Did I just learn that I prefer fatty wines? I’ve even learned a bit about myself, at le Vingt4!
Le Vingt4: The meal
Then it truly was time for the food. Since it was asparagus season, that ingredient was the star of the first plate. It is accompanied by a tartare of tomatoes and a cucumber mignonette. The dish is simple, excellent, and unfussy. But at le Vingt4, it does not stop there.
Eric claims that asparagus pairs well with a dry wine. In this case, Pouilly-Fumé Petit Fumé, Michel Redde & Fils, 2014 (sauvignon blanc). It is full-bodied and fruity, delightfully bookending the green, vegetal taste of the asparagus.
The main course: a filet mignon of pata negra pork, which you won’t find on the menu. Obviously le Vingt4 has a secret menu, which I shouldn’t have found surprising. Nor should I have the fact that Eric then sent three more exquisite reds my way and asked me to choose my favorite.
So the boss sends me three red and asks me my favorite. I was flattered. I can’t recall the last time I went to a restaurant and the owner asked for my thoughts on the best pairing between the wine and the dish. At that point in the meal, I felt almost at home. Among friends. And this in the company of someone I’ve just met, in a city I’d first set foot in only a few days earlier.
The pig is cooked perfectly. Simple, beautiful, bold, delicious. It is, in fact, the best pork tenderloin I have ever eaten. It’s that simple! No frills, only pig, sauce, Paris mushrooms and snow peas. But what have they done to this piece of meat to make it so smooth? It’s simple, according to Eric. “It’s Duroc Batallé pork. The best in the world.”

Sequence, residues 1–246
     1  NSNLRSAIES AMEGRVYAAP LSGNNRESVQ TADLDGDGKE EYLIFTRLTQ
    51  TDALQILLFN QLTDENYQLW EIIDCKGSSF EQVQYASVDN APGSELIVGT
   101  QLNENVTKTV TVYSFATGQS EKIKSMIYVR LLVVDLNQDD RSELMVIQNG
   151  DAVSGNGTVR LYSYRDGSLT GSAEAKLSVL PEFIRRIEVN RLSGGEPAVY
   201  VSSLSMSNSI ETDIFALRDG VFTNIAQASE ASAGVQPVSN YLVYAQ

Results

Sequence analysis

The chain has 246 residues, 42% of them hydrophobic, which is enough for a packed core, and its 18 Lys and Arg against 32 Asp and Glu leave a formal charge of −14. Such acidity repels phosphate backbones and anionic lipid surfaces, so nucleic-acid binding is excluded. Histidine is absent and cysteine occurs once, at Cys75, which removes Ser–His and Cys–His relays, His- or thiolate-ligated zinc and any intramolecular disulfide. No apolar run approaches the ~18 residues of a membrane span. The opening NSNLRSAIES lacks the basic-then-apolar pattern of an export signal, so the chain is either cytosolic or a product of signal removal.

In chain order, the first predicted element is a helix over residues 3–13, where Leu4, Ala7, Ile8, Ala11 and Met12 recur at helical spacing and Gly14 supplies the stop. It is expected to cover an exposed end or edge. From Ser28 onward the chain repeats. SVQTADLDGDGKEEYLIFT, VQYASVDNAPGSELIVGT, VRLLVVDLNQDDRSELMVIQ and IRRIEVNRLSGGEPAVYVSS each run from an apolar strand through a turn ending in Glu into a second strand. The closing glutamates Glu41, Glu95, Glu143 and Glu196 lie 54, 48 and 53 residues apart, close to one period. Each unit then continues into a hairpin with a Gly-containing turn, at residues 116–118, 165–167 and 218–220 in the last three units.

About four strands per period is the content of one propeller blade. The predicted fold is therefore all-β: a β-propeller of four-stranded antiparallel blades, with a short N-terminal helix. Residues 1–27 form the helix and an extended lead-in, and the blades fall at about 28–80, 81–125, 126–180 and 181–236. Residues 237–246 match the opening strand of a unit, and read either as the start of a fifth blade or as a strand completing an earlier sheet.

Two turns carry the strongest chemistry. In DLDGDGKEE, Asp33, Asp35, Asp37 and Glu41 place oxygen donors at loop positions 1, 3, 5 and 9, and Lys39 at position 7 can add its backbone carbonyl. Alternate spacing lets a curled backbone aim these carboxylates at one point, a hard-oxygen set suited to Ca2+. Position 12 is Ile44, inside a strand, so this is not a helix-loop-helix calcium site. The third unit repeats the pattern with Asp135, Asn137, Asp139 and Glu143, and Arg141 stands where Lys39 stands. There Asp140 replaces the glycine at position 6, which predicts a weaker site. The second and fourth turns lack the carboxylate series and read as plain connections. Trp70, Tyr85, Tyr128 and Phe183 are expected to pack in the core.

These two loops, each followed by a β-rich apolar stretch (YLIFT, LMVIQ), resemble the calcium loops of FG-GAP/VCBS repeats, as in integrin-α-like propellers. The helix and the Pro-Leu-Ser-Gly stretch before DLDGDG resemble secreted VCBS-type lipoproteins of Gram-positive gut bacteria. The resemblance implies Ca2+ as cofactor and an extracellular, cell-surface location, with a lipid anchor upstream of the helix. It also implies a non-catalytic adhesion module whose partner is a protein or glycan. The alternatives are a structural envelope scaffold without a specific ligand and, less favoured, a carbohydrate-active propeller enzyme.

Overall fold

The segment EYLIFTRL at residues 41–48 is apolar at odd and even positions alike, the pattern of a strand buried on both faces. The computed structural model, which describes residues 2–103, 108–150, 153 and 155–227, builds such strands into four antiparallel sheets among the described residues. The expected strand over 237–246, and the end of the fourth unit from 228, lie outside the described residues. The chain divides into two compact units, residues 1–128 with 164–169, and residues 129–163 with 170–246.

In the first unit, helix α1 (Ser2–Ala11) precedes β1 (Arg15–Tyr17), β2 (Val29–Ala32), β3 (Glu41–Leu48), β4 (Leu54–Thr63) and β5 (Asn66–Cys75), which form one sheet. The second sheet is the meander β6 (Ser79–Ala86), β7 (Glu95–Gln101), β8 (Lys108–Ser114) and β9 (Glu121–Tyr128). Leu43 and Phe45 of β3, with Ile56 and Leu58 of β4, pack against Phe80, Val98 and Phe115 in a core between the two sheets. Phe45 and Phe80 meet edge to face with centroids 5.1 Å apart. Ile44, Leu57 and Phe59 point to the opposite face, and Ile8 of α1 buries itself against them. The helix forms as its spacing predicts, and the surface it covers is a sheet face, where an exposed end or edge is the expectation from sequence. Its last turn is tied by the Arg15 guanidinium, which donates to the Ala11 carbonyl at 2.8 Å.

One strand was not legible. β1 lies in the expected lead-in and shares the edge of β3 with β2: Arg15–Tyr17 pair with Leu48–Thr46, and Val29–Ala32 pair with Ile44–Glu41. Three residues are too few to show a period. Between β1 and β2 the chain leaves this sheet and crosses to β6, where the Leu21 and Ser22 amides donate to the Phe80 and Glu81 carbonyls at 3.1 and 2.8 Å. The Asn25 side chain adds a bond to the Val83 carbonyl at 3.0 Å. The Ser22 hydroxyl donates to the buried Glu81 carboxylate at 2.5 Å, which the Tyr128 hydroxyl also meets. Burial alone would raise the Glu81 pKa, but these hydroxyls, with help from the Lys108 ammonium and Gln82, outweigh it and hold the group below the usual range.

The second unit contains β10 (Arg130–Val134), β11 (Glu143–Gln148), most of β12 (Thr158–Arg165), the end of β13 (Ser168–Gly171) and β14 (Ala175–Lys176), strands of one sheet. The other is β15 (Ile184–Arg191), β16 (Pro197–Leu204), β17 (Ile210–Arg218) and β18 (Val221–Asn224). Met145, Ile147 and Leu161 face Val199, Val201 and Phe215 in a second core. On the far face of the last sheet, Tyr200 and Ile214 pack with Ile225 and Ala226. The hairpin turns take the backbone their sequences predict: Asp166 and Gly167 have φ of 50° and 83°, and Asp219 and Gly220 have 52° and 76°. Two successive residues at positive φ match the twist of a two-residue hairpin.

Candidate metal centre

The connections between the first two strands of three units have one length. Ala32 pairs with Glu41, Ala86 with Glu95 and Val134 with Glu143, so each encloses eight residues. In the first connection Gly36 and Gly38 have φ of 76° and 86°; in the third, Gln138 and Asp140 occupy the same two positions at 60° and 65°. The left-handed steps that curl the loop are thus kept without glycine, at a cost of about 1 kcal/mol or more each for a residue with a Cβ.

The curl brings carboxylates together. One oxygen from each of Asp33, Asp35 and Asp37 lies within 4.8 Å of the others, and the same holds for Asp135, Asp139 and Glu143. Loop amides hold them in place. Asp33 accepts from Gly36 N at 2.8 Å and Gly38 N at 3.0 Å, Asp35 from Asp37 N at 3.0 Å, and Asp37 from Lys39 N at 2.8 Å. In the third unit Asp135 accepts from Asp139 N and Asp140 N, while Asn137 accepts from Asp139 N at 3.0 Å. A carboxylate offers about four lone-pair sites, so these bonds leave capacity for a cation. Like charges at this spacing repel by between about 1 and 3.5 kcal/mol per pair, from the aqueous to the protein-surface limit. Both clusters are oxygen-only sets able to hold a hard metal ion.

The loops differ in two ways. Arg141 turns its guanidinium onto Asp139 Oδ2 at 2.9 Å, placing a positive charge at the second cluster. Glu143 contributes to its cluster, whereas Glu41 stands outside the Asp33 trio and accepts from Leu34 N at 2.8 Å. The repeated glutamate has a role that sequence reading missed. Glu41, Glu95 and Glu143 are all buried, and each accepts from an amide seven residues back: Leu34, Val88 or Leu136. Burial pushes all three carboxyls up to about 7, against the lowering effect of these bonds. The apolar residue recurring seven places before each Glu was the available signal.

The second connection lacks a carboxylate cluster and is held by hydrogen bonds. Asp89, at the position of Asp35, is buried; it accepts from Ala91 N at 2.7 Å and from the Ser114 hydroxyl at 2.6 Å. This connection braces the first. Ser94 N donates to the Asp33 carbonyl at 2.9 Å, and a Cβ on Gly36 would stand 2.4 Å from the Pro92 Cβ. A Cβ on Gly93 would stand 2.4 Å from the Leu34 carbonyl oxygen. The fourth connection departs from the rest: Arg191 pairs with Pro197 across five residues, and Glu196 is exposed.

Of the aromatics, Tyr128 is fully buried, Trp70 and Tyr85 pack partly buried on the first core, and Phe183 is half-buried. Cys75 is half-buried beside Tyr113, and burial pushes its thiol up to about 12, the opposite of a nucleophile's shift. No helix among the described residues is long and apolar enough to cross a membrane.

All three reds he has chosen to accompany this piece of pork are as nice:
– Saint-Victoire, Château Coussin, Famille Sumeire, 2011 (syrah, grenache, cabernet sauvignon)
– Triennes, Saint-Auguste, 2012 (syrah, cabernet sauvignon et merlot)
– Clos Canarelli, Corse Figari, 2012 (nielluccio, syrah, sciacarello)
The first has a long finish and remains dry; the dish is a little too delicate for this wine. The second is much more balanced, with less of an aftertaste, and hints of blackberry and nutmeg. The third is even lighter, with notes of oak and leather, and seems to disappear completely after each sip.
Le Vingt4: luxury
Finally, we continue to cheese dish, which is mandatory in France! It is a truffled brie de Meaux accompanied by a rosé champagne. The combination startled me when Eric introduced it, but I found the taste of the brie, with real winter truffles and mascarpone, combined with the sparkling rosé was a wonderful, magical combination. There is nothing like real winter truffle. Then, with a sip of wine on the palate, this champagne with a nice balance of flavors turns inexplicably into peach juice! Each bite is an intense, but balanced experience. One that makes you close your eyes in delight each time you close your mouth.
A dessert of chocolate fondant concludes the feast. And of course, there is a wine for this dish too! Domaine Bousquet, Tupungato Valley, Argentina, 2009 (malbec). The chocolate cake and the red, full of tannins, clash and blend, in a delightful way.
It reminds me of the poet’s line: “Gather ye rosebuds while ye may.” Drinking kills. Aging kills. Smoking kills. Loving kills. Enjoy!
24 Rue Alphonse Karr, 06000 Nice, France
+33 4 93 88 45 49